On my Stude at least, the pitman arm won't come off directly unless you twist the front up and to the right, the back down and to the left, have the pitman arm tilted forward and you stick your tongue out like when little kids coloring. On a Stude at least it may be less hassle to remove the starter first. As for removing the pitman arm, I dug around through my dad's old tools and came up with a 1-1/4" Williams wrench shaped like an L. It allowed me to tighten it up later after I'd replaced the starter. To simplify replace the arm correctly, consider taking a little paint brush and dabbing a speck of light colored paint on the back side of the pitman arm and shaft because it's impossible to see the alignment marks on the opposite side with the engine in place. Or at least it is for me with my aging eyes!

          Comment


          • #6
            quote:Originally posted by John Kirchhoff

            If that's the same Bendix used on the earlier 59-66 models, I guess it's possible but I wouldn't try it. I just replaced the control valve seals and the pitman arm coming off the control valve is the last thing to come off. I'd be afraid of loosing parts, especially the little metal spacer that keeps the seal in place on one end of the valve. Believe me, it's a job you'd much rather do on the workbench than laying under the car.
            I have replaced the seals in those control valves a couple of times without removing them from the car, though as John says, it's not a lot of fun. As he notes, the Pitman arm is the last thing to come off -- by that time, you're ready to reasssemble. If you do the disassembly carefully and keep track of how things came apart, putting it back together is relatively easy. Just make sure everything in nice and clean. It is tough on your back, though.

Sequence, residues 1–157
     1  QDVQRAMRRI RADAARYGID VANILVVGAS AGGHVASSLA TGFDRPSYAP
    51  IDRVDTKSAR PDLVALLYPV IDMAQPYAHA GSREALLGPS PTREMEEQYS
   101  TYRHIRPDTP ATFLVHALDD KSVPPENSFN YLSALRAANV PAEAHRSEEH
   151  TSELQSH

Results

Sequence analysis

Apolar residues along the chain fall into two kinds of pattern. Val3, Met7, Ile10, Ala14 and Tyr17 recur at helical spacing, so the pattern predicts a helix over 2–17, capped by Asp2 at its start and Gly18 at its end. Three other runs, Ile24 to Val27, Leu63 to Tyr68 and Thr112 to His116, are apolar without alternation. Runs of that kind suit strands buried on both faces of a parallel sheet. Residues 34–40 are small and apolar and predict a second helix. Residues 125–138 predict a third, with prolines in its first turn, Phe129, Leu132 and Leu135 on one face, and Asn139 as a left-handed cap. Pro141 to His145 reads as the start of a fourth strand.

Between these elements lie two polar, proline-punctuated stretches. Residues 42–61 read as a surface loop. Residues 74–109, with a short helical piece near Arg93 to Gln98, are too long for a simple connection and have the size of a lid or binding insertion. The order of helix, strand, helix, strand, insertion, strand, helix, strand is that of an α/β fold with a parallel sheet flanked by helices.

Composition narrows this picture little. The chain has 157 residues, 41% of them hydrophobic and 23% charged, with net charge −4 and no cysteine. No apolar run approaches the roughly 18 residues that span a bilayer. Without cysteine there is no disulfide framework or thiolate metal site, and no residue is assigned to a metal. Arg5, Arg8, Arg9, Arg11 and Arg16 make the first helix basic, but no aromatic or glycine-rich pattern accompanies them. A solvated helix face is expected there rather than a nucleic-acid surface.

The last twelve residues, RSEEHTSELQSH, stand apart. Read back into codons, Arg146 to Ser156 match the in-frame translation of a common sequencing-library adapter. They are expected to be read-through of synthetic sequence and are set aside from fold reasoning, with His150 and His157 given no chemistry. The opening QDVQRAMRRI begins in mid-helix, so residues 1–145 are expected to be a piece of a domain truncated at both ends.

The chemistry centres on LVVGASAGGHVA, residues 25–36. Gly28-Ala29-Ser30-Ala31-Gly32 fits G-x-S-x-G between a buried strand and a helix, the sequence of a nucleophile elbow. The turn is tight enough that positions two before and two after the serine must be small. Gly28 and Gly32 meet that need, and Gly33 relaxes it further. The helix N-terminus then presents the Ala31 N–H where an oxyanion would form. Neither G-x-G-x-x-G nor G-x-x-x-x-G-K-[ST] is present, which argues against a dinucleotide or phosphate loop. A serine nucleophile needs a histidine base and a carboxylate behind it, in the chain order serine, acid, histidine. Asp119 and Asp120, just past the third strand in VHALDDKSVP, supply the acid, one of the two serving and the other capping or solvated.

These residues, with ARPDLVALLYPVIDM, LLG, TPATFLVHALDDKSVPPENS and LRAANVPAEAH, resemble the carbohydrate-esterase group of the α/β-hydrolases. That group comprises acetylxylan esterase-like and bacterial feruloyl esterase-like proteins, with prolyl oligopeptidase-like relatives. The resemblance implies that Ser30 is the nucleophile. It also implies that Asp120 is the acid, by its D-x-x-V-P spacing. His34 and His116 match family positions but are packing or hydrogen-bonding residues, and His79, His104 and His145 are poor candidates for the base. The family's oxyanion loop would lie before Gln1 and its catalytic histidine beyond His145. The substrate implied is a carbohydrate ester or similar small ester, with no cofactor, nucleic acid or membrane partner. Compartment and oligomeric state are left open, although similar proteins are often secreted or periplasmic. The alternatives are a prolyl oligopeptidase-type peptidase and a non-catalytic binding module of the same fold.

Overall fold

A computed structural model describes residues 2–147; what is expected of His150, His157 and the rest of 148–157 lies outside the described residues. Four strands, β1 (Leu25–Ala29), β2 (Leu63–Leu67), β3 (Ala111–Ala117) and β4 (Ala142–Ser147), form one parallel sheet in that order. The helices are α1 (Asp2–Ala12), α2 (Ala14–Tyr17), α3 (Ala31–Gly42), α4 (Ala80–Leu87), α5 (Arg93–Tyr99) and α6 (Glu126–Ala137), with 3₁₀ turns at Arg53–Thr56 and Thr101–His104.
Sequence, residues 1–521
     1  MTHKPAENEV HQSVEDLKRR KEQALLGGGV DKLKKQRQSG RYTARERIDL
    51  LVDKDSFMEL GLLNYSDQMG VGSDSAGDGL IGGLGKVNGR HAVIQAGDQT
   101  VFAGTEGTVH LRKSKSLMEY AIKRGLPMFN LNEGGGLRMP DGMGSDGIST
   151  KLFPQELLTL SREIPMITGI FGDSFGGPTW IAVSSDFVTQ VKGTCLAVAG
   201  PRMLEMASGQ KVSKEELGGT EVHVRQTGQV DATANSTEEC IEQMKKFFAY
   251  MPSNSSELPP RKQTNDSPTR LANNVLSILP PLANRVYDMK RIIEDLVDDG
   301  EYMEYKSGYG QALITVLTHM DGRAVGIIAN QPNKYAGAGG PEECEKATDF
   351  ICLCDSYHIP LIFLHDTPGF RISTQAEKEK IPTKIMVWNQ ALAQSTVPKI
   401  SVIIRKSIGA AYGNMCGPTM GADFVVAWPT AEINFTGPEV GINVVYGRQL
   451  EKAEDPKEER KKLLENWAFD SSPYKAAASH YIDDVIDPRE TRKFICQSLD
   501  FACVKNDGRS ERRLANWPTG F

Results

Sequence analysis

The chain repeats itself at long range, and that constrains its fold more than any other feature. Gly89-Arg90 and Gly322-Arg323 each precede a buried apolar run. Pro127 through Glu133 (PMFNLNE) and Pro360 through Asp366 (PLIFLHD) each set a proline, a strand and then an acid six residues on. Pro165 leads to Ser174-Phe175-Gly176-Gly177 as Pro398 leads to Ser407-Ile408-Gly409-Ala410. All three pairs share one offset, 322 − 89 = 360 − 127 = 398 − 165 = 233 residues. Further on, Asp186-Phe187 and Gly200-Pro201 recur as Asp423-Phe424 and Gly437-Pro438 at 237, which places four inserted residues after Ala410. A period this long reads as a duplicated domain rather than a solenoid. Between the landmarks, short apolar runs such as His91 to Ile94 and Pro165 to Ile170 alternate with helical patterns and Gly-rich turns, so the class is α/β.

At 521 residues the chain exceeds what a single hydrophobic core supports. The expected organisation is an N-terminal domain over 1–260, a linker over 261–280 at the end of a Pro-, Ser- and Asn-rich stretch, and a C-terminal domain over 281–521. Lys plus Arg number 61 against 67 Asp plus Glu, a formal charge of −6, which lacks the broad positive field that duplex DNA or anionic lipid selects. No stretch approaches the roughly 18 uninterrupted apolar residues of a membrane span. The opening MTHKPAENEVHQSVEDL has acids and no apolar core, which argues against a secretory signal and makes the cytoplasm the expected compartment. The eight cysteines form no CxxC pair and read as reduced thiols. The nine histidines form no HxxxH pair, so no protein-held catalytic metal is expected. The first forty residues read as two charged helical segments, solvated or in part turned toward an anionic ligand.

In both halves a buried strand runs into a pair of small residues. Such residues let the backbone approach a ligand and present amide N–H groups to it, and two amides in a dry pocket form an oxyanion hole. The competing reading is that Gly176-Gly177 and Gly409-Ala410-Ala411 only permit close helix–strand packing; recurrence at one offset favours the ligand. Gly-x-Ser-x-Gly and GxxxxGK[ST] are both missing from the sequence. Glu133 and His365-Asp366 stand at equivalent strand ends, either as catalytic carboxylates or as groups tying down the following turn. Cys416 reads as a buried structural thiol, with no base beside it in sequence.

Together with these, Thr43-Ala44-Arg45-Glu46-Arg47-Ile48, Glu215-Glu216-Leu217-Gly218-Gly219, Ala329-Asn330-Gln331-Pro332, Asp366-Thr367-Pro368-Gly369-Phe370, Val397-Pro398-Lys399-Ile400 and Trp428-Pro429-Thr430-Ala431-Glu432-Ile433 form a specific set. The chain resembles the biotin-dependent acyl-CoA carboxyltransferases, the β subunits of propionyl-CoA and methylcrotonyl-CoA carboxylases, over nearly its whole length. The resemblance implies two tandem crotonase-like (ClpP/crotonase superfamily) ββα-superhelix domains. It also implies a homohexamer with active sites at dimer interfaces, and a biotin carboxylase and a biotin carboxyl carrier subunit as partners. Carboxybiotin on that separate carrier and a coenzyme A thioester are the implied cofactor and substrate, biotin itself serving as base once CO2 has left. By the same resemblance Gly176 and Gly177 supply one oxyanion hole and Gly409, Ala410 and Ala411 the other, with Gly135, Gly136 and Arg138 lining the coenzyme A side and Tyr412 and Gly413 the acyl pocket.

Skip Lackie
            Skip Lackie

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            • #7
              <<It is tough on your back, though.>> Boy, you got that right, Skip! Had I known I was going to remove the valve (to get to the hoses) I would have waited. I've taken asprin for the muscle aches.
              I'll post a pic of what I'm dealing with later today.
              The chebby motor mounts are a bit more complicated than what I've been used to with the Stude engines, but it looks like one 'crossways' bolt loosened will seperate things. I've been using 4 jack stands and the floor jack under the pivot but still spook being under the car. Don't want me wife to come home and find me resembling the wicked witch of the north...or was that the west? <G>

              Western Washington, USA

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              • #8
                This is looking up from below. That boss is just enough to not allow my sliding the arm off. Will try a gentle lift of the engine.




                Western Washington, USA

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                • #9
                  It worked and I was able to slide the arm off, clean and swap out the hoses and am now buttoning things up. Hoping for no leaks!

                  Western Washington, USA

                  Comment


                  • #10